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The Associated Press

Fort Huachuca Soldiers Leave Families For Overseas Duty

December 10, 2002
Copyright © 2002 The Associated Press. All rights reserved. 

FORT HUACHUCA, Ariz. - Soldiers from the 11th Signal Brigade flew off on a jet transport Tuesday as they headed overseas and away from their families as the U.S. military builds up forces in the Middle East.

A group of 20 soldiers left Libby Army Air Field on a C-5A transport for an undisclosed location, the first of nine planeloads of brigade soldiers expected to deploy.

For soldiers leaving this week, it will mean missing the holidays with their families.

"My wife and daughter are not happy, but they understand it's my job," said Sgt. 1st Class Victor Nunez, a 37-year-old motor pool platoon sergeant with the brigade's 40th Signal Battalion.

The brigade's soldiers, among the most deployed in the Army, provide communications, including computer networks, videoconferencing and secure phone and e-mail lines.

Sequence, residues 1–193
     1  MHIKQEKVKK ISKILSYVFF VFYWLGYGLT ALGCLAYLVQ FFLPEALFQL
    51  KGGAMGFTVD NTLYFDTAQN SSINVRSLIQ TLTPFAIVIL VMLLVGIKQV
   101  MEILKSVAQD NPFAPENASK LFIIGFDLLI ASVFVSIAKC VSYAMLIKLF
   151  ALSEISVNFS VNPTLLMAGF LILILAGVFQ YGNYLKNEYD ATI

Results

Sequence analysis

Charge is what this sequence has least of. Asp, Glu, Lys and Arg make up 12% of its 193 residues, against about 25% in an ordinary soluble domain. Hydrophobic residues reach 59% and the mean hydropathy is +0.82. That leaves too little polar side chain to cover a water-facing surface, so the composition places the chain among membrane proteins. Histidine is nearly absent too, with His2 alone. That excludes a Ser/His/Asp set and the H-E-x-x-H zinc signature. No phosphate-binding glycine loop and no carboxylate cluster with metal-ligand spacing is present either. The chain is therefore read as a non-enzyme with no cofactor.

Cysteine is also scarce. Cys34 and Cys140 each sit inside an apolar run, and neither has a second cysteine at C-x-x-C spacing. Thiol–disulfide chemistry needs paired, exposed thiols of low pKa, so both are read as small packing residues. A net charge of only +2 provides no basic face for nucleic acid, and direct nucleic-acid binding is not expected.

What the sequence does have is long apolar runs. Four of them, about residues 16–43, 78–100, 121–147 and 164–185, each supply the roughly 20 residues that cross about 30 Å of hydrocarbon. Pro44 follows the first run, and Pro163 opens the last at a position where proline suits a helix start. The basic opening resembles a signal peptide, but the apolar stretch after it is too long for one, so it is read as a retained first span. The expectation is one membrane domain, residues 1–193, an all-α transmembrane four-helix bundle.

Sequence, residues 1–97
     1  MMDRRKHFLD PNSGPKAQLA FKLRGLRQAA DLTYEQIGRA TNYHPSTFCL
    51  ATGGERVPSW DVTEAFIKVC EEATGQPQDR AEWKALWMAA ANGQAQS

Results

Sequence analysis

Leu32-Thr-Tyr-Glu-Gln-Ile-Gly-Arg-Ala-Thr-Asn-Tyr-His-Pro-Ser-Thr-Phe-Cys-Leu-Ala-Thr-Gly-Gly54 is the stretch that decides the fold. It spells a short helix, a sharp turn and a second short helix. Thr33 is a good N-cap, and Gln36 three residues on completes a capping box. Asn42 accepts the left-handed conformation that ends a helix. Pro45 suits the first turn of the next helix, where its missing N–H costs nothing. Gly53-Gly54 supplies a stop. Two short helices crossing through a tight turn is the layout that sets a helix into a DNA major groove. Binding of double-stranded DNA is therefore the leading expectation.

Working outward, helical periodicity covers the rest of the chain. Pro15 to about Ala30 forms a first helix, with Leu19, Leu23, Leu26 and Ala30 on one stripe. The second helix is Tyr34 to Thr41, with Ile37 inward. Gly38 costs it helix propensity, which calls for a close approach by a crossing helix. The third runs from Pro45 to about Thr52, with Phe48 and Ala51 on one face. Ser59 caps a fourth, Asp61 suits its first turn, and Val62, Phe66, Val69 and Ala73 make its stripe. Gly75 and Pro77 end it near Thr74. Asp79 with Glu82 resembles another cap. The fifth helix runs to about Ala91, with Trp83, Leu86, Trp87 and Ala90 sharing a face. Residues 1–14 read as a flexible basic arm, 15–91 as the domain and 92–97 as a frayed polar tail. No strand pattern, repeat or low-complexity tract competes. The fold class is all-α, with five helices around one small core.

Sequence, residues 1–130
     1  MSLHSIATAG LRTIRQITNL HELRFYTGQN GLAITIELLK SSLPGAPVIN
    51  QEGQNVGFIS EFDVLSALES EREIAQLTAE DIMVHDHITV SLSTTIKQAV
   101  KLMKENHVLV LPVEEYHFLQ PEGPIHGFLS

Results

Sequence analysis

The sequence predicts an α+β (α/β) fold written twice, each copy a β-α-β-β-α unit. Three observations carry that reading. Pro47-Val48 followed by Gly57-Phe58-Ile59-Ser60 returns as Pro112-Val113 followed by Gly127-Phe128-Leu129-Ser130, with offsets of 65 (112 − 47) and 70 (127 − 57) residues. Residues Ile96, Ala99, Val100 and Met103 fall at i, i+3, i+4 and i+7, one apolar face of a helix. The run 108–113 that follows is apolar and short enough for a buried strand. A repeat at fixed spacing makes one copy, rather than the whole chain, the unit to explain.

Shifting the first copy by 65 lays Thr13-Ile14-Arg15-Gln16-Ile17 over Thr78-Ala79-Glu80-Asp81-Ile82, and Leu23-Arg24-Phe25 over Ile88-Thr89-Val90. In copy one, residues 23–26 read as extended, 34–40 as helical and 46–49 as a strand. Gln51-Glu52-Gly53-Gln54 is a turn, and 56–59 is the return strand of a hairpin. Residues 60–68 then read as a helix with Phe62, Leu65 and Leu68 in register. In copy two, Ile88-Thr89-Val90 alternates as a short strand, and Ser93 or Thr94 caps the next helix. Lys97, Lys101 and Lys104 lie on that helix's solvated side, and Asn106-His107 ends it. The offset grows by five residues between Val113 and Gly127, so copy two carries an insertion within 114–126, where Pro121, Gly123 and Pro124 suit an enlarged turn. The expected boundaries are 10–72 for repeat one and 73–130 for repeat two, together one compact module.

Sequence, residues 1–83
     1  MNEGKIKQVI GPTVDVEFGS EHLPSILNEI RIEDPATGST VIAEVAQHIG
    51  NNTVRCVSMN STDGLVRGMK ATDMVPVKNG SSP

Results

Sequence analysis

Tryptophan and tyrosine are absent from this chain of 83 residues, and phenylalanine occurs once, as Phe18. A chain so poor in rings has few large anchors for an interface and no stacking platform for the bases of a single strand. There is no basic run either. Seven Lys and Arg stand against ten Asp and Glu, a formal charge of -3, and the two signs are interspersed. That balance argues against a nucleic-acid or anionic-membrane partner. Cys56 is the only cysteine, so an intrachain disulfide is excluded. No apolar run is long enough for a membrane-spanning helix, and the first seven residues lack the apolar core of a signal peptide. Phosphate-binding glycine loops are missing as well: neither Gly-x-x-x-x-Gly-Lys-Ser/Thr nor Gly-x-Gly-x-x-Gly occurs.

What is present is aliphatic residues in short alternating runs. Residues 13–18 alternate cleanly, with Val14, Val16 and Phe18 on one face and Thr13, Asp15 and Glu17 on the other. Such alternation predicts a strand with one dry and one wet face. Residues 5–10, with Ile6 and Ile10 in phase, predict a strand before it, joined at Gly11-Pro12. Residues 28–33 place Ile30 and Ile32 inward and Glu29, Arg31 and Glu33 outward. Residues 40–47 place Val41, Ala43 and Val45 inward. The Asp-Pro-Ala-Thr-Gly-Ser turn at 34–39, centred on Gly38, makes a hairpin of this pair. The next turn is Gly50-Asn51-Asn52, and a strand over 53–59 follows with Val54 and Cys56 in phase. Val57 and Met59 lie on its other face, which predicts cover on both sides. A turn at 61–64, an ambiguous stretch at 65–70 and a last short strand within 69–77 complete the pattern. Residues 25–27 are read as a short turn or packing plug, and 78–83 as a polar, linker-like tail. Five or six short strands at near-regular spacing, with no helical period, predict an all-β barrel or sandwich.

A total of up to 200 soldiers and more than 1 million pounds of equipment will be carried by nine Air Force transports, officers told the Sierra Vista Herald.

Nunez, a 14-year soldier from Puerto Rico, said this will be his eighth deployment and the fourth that has taken him away from home during the Christmas holidays.

He also will miss the eighth birthday of his daughter, Kathy, on Friday, but he said his wife and daughter understand the importance of his job.

"We were hoping it (the deployment) would be after Christmas," Nunez said, shrugging his soldiers.

Pfc. Steve Moralez, 21, has no wife or child to miss during the holidays, but he said he got a pat on the back from his father when he discussed a possible deployment while with his family in California for Thanksgiving.

"Dad's reaction was he was proud I was serving my country," Moralez said.

The battalion's commander, Lt. Col. John Dewey, said he and his family have already celebrated Christmas because he will be among those deploying.

The life of a soldier and that of a soldier's family is difficult, especially when they are not together for special days, Dewey said.

"It's hard on the families, and it is hard on the soldiers to be gone during the holidays," he said. "But we have to go places and do things."

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